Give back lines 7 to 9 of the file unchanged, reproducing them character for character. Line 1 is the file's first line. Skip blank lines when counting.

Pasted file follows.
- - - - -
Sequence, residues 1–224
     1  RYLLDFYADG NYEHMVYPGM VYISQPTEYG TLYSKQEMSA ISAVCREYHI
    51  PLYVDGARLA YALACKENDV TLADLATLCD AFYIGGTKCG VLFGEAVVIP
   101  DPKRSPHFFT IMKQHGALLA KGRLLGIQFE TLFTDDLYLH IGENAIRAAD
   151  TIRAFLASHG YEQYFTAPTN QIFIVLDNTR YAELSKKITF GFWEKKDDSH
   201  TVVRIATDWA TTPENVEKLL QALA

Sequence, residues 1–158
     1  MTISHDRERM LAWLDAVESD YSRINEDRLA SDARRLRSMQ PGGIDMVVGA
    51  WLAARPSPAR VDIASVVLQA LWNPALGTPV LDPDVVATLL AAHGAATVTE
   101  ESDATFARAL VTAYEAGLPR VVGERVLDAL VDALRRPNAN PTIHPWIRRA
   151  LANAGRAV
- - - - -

Sequence, residues 1–158
     1  MTISHDRERM LAWLDAVESD YSRINEDRLA SDARRLRSMQ PGGIDMVVGA
    51  WLAARPSPAR VDIASVVLQA LWNPALGTPV LDPDVVATLL AAHGAATVTE